Yesterday at a special press event, Facebook announced that Instagram was getting videos. Instagram founder, Kevin Systrom, along with Facebook CEO Mark Zuckerberg who was also present, showed off the new product.
According to Systrom, nearly 16 billion photos have been shared on Instagram, and the app sees over 1 billion likes every day. He also announced that the app has over 130 million monthly active users.
The new video feature on the app lets users record a maximum of 15 second video (minimum 3 seconds), add filters to it, edit multiple clips, add ‘Cinema’ for video stabilisation, and then share it on Facebook and Twitter. Currently however videos can’t be shared on the Instagram app itself but that option will soon be rolled out. Instagram is available for iOS version 4.0 and above for Android version 4.0 above. Also the Cinema feature is only available on iPhone 4S and iPhone 5. Users can delete and re-record a video if they make a mistake.
Of course video on Instagram is being seen as a major challenger to another newly launched video service, and that’s Vine by Twitter. We take a look at some comparisons between the two.
• How it works: Vine allows users to shoot six-second long video which plays in a constant loop. While shooting a video in Vine you can also pause and reposition your camera. The app also lets users shoot with the front camera and mention people on Twitter when sharing. This especially important given that the total length of your video is only six seconds. In short Vine is also about creativity but with a limited time span. Video montages are key to Vine. Users can also add hashtags to videos and share them on Twitter or Facebook.
In Instagram video the length is 15 seconds ( minimum 3 seconds) without the looping business. Why 15 seconds long? According to Kevin Systrom the timing is to ensure that the video is Not too long to take forever to download. Not too short to record your kids. That plus editing gave the right balance. Instragram video is offering 13 filters, editing and image stabilisation.
• Privacy: On Vine everything that you share is visible to the general public. On Instagram however users can choose to hide what they want from the public and share only with their friends or with themselves only. Instagram’s privacy settings don’t change with the introduction of video.
• Hashtags Both services rely on Hashtags for users to explore what kinds of videos you’re looking for. Of course you can also find your Facebook, Twitter friends on both services and choose to follow them and other famous celebrities.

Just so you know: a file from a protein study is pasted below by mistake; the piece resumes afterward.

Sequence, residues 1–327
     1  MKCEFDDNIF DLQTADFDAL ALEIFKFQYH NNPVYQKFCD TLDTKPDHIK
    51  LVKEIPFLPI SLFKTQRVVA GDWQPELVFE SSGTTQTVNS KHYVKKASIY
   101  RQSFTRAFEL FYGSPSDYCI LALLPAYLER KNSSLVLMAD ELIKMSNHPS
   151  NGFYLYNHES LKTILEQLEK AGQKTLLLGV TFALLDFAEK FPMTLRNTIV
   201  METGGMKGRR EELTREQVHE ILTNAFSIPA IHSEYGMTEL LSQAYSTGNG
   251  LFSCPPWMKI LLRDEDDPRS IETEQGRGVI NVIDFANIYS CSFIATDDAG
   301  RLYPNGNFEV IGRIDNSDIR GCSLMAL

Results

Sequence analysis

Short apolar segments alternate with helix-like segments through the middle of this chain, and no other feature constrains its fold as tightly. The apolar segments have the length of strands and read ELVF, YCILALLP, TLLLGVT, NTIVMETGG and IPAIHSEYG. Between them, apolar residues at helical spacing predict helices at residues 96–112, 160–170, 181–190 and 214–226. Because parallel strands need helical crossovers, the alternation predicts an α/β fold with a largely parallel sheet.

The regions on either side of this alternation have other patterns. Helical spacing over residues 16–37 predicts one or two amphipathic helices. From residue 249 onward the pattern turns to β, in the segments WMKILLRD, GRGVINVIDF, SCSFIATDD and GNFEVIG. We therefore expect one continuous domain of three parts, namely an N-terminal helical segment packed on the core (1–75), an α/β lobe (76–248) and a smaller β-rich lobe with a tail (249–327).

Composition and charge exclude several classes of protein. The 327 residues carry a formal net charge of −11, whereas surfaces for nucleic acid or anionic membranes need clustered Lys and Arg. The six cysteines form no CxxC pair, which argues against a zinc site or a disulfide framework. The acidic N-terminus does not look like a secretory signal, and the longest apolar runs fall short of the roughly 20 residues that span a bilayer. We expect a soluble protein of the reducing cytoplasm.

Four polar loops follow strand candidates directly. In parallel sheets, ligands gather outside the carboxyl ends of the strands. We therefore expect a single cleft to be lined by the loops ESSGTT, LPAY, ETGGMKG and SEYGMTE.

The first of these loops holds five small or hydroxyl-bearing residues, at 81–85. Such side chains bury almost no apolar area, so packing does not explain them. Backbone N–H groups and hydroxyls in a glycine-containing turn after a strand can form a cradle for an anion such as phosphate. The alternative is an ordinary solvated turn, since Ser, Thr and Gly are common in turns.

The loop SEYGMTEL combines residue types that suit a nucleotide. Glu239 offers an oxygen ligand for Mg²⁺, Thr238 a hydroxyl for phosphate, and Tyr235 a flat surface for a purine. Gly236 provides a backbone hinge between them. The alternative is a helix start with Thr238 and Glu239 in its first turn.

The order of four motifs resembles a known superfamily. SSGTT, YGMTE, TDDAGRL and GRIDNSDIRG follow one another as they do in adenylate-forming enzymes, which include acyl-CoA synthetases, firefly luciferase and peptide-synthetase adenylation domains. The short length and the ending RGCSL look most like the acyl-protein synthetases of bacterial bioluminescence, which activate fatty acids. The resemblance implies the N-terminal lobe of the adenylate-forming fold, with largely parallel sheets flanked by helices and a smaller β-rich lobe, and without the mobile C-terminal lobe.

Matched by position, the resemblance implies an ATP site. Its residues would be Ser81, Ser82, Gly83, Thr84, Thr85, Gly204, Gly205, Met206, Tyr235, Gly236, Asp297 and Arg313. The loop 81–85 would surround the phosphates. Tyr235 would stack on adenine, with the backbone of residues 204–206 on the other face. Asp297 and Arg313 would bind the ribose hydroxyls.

However videos shot on Instagram can’t be shared on the Instagram stream yet, which is strange.
• Audience: It would be fair to say that video on Vine seems to follow the Twitter trajectory and caters to the TLDR (too long didn’t read) or in this case TLDW (too long didn’t watch) audience. Like 140 characters, Vine with its six-second video is essentially for a younger audience. In fact, according to this Pew Poll Twitter is booming as a social media destination for US teenagers who complain about too many adults and too much drama on Facebook. The report highlighted how US teens prefer Twitter to Facebook. Twitter currently has 200 million monthly active users which is more than Instagram’s 130 million.
Also according to SocialBakers, Vine has seen pretty decent user engagement as far as a newly launched app is concerned at least on Twitter. The tweets containing Vine uploads which earned a 0.031 percent engagement rate, while for YouTube is 0.048 percent. The report points out that in terms of engagement on Twitter this is amazing considering that for most of its life, Vine was only available on iPhones and iPads. The Android app for Vine was launched this month and the app already has 13 million users on iOS.
Instagram with its longer videos seems to be targetting a different kind of audience. As Systrom said, it’s not too short ‘to record your kids.’ The emphasis for Instagram isn’t on shooting the kind of weird, yet funny videos that we’ve seen on Vine, but rather longer videos. Instagram is typically filled with food photos, infact Systrom even demoed a video of a cup of latte coffee being made. Typically this is what Instagram video will be about. Get ready for carefully filtered videos of babies, vacations and ‘beautiful-looking’ food.
Did Vine inspire Instragram? Kevin Systrom told WSJ absolutely not. You can read his full interview here.